In-process monitoring of polymer melts is found to provide a fingerprint of the: • polymer (process-relevant polymer rheometry); • the process (injection pressure-time curves which reflect the material-machine-mould combination, including polymer batch to batch variation and machine dynamic repeatability); and • production trends, with 'process indices' offering an efficient basis for 100% automatic inspection, Statistical Process Control, and even insight into factory housekeeping. Specific pressure indices in an indentified low noise region of the primary injection stage of injection moulding have been found to provide a sensitive indicator of changes in a polymer, including batch to batch changes and process-induced changes, as such measurements are closely related to the rheology of the polymer melt. The same information has also been found to provide sensitive indications of variation in the processing operation for a given polymer-mould combination, and also consequently to allow meaningful statistical analysis of trends in the injection moulding process. Laboratory and factory data for raw material, process and production trend analysis (the latter involving data from substantial production runs) are presented.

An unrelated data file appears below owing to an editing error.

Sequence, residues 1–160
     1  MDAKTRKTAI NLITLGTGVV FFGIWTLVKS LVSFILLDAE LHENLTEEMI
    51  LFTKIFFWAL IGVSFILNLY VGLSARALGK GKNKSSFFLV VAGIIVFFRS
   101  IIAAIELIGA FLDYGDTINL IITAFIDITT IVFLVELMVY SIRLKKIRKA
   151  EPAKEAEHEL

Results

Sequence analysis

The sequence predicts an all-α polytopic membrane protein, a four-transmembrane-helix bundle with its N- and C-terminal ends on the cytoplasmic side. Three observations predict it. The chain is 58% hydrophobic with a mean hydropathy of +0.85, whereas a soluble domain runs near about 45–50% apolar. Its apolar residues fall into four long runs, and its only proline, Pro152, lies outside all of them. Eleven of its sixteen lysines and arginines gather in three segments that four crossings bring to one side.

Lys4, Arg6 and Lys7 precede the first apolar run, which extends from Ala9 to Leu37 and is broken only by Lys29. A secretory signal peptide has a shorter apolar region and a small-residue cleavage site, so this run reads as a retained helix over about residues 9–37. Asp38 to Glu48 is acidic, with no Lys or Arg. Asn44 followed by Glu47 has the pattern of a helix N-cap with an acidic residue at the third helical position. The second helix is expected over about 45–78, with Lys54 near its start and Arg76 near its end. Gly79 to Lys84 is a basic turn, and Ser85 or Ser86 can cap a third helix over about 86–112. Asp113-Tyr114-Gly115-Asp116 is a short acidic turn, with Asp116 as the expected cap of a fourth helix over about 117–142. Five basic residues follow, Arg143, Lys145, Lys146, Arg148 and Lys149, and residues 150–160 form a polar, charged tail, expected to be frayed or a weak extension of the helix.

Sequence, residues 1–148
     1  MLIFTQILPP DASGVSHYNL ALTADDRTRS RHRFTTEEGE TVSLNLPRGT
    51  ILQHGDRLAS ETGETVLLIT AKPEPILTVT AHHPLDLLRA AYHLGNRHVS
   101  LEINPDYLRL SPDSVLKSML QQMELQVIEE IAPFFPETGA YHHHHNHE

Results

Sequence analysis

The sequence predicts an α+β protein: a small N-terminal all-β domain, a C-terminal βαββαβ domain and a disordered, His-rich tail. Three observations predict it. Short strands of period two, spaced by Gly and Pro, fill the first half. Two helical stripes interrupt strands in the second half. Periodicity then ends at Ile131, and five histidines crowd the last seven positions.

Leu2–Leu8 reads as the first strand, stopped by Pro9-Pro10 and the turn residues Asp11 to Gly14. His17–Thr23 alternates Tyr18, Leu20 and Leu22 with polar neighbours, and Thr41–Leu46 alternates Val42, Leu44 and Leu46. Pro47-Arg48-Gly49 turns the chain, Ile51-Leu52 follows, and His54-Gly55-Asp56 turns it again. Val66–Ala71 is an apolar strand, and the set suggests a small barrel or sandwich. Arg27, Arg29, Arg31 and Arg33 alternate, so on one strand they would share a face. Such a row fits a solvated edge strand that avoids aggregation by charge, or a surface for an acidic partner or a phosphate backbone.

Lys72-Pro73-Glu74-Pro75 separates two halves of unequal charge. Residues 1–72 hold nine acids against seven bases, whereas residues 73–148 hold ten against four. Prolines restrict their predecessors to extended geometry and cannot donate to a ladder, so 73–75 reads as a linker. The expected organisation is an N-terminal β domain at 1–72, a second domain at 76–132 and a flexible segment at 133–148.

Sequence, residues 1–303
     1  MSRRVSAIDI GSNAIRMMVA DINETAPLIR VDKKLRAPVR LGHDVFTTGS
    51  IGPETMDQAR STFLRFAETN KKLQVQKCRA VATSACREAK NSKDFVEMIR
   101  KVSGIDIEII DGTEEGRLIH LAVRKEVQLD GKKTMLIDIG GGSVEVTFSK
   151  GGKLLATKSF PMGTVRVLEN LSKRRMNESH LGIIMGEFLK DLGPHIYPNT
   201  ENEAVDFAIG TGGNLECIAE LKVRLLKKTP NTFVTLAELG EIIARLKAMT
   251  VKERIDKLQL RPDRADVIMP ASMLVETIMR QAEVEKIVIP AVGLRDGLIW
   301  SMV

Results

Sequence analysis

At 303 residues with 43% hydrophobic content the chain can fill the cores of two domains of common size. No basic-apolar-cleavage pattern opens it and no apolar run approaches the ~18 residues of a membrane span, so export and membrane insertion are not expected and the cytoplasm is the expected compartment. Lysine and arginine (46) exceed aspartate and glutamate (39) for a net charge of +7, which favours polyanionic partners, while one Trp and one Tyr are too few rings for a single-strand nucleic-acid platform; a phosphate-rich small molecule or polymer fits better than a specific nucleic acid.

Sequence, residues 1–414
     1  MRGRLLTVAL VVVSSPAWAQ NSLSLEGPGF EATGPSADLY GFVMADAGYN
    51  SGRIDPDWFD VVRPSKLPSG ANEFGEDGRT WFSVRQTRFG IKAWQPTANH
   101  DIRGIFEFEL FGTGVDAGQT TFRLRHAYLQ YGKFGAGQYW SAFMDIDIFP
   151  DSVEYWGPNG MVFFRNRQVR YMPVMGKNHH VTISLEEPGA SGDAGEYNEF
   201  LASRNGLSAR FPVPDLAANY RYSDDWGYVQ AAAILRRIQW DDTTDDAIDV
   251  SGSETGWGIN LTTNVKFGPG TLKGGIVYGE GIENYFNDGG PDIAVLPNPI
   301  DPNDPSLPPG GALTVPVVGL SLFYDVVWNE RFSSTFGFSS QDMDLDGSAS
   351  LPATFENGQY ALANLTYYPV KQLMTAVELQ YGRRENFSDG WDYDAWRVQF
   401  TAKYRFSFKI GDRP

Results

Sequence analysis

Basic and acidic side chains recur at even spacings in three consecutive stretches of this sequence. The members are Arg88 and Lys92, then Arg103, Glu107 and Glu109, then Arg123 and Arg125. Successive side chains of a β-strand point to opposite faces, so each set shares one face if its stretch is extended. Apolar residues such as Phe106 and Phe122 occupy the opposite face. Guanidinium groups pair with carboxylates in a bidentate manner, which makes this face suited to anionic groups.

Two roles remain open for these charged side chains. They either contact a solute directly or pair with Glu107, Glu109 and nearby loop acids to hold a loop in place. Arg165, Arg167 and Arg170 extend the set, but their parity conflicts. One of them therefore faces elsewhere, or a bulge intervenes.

Using Branched Polypropylene as a Melt Strength Modifier-Improvement in Sheet Sag Resistance
V.V. DeMaio, D. Dong, A. Gupta, May 2000

Blends of conventional polypropylene (PP) and branched PP (bPP) enable PP to perform well in applications where extensional flow dominates, such as blow molding, thermoforming and foaming. Sag resistance tests shows a significant improvement in sag time of extruded sheet as the content of bPP increases, up to 30-wt.%. These blends (PP/bPP) show synergistic increases in melt tension while providing excellent processability by maintaining low viscosity.

The Establishment of a Processing Window for Thin Wall Injection Molding of Syndiotactic Polystyrene
Martha Coxe, Carol M.F. Barry, David Bank, Kevin Nichols, May 2000